After Napier learned McCroskey was a murder suspect, he says he cleaned his truck out with bleach.

Now he says he thinks he may know what that smell was- and he hopes never to experience it again.

http://www.wset.com/news/stories/0909/662107.html
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Postby robotilt » Thu Oct 01, 2009 8:54 am

Father made futile trip in search for slain daughter

By REED WILLIAMS

Published: September 30, 2009

SPECIAL REPORT: Slayings in Farmville

The father of Farmville quadruple-homicide victim Melanie Wells drove from West Virginia to pick her up and waited outside her friend's house in Farmville for seven hours Sept. 16, knocking on the door several times and receiving no answer, authorities said yesterday.

Thomas G. Wells Jr. could not reach his daughter and eventually returned home to Inwood, W.Va., without her, according to a missing-person report he and Melanie's mother, Kathleen Wells, filed with the Berkeley County Sheriff's Office in West Virginia.

That report was made about 5:40 p.m. Sept. 18, shortly after the bodies of Wells and three other people were found in the home.

After Thomas G. Wells Jr. drove about 200 miles from Farmville back to West Virginia, Melanie Wells' parents made several calls Sept. 17 and 18 to try to find their daughter. Kathleen Wells had at least two telephone conversations with Richard Samuel Alden McCroskey III before the bodies were found and McCroskey became a suspect, said Berkeley County sheriff's Lt. R.L. Gardner.

"Every time she spoke to him, he told a different story," Gardner said.

Bludgeoned to death inside the Farmville home were Wells, 18; her friend Emma Niederbrock, 16; Emma's mother and Longwood University professor Debra S. Kelley, 53; and her estranged husband, Mark Niederbrock, 50, who was Emma's father.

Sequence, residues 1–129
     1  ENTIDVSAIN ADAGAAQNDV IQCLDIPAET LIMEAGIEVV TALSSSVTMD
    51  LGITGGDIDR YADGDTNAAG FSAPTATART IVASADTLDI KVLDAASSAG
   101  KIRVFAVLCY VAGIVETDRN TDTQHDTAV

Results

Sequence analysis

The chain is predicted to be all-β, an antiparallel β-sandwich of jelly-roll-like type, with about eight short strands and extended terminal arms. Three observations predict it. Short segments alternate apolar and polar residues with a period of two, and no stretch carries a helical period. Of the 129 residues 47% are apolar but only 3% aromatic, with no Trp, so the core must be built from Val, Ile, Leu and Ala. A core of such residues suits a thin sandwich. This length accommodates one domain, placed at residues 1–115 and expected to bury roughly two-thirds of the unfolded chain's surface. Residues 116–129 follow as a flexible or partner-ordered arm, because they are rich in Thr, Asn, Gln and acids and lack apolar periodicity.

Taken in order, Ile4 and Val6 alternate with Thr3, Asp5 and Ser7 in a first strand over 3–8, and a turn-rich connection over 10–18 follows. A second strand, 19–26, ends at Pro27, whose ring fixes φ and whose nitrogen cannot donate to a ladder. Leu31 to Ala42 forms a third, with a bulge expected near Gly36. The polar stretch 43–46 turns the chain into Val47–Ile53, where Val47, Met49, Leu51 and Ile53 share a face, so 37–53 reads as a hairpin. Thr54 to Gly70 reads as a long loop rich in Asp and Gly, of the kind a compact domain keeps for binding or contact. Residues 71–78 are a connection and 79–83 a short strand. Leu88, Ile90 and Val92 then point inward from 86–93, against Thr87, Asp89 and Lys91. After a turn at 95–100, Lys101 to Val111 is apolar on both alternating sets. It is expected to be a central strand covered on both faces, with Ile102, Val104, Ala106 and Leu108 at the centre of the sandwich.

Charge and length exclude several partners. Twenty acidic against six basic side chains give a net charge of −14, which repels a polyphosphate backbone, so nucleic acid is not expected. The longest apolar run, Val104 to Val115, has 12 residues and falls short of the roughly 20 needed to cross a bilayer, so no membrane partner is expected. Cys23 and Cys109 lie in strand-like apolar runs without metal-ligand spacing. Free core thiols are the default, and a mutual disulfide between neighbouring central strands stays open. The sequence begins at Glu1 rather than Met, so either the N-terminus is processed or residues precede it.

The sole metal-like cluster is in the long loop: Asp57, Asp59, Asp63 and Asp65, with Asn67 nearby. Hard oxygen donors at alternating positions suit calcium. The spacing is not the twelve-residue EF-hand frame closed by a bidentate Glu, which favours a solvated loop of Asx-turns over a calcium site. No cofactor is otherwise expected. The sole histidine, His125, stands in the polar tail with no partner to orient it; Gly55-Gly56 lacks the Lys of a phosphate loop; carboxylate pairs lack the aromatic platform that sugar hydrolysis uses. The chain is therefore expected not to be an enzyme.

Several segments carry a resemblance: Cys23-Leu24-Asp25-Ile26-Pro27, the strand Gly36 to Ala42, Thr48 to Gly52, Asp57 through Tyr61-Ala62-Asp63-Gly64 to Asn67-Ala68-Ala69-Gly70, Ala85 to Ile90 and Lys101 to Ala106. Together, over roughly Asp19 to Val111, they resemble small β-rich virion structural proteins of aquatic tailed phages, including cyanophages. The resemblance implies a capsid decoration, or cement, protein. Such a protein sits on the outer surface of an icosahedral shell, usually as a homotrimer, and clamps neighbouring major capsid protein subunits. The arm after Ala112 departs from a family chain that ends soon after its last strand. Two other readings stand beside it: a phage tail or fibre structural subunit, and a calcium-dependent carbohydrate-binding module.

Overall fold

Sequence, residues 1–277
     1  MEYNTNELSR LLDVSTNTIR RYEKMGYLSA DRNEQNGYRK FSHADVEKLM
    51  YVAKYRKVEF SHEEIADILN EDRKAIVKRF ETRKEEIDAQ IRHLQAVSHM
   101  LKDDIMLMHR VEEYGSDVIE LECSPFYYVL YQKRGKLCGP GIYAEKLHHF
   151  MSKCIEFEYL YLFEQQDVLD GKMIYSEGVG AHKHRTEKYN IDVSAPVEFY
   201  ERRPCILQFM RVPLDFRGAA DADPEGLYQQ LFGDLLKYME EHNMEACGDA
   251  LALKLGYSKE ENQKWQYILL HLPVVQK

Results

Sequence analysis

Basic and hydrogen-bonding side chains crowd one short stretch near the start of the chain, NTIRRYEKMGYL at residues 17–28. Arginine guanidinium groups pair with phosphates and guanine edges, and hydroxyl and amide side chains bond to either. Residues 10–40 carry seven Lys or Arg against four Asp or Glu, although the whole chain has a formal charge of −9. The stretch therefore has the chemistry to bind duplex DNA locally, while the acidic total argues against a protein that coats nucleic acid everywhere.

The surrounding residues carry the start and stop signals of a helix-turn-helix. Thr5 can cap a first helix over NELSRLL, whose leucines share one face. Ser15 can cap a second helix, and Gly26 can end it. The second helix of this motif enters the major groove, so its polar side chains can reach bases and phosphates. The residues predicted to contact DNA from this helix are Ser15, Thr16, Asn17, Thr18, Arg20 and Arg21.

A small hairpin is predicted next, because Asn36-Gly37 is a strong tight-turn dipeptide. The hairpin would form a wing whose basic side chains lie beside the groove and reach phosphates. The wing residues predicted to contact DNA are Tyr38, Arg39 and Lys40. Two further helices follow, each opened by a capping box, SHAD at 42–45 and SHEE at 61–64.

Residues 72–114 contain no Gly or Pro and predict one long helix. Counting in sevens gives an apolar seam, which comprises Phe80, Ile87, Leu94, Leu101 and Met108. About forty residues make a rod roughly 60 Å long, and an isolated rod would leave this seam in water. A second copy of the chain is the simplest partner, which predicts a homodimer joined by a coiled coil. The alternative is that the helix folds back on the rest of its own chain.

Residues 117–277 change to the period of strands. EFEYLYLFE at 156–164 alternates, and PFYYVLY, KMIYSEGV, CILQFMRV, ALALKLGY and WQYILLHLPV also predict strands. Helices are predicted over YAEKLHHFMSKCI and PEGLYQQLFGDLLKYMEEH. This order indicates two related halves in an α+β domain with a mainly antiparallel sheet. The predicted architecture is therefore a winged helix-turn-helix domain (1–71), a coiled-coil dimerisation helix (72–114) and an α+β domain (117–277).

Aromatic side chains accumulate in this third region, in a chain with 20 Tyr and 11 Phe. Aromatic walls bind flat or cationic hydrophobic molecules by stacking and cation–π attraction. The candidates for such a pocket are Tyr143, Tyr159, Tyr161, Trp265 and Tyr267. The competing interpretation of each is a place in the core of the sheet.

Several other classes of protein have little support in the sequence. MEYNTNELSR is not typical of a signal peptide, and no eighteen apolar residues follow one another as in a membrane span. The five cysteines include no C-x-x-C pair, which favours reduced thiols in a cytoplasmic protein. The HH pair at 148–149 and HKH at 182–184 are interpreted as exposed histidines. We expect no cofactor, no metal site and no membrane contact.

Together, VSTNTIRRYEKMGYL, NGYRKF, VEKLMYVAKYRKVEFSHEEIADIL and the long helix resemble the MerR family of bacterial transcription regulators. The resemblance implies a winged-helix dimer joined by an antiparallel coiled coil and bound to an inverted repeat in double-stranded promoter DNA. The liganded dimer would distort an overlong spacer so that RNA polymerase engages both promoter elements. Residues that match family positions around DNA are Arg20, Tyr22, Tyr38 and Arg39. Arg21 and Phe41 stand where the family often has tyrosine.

Authorities have not said when the victims were killed or what weapon was used. Efforts to reach police officials and Prince Edward County Commonwealth's Attorney James R. Ennis on Monday and again yesterday were unsuccessful.

McCroskey, 20, of California, met Emma Niederbrock online through their interest in horrorcore rap music and flew to Virginia on Sept. 6 to meet her for the first time.

Wells was dropped off Sept. 6 at the house that Kelley and her daughter shared, Gardner said. It was the third time she had visited Emma's home. The missing-person report did not say who dropped her off.

The weekend of Sept. 12, Emma's parents drove her, along with Wells and McCroskey, to a horrorcore music festival in Michigan. The group returned Sept. 13 to Farmville.

Wells' parents told Berkeley County authorities that the last time they were in contact with Melanie was 1:23 a.m. Sept. 15.

Thomas Wells had arranged to pick his daughter up Sept. 16. They agreed he would call her one hour before he arrived, Gardner said, but Wells could not reach her and returned home after waiting seven hours and knocking on Kelley's door.

A Farmville officer went by the home Sept. 17 just before midnight after Kathleen Wells asked them to check on her daughter. McCroskey answered the door and told the officer that Melanie Wells had gone to the movies. McCroskey told Kathleen Wells the same thing, although it is unclear when he spoke with her.

An hour later, at about 1 a.m. Sept. 18, McCroskey called police back to the house, saying he had heard noise in the basement. Two officers checked the basement and left. They did not find the bodies, which were in another part of the house.

The Wellses also said McCroskey told Kathleen Wells that a car Melanie was in had broken down, Gardner said. The last time Kathleen Wells spoke with McCroskey was about 3:30 a.m. Sept. 18, about 12 hours before the bodies were found.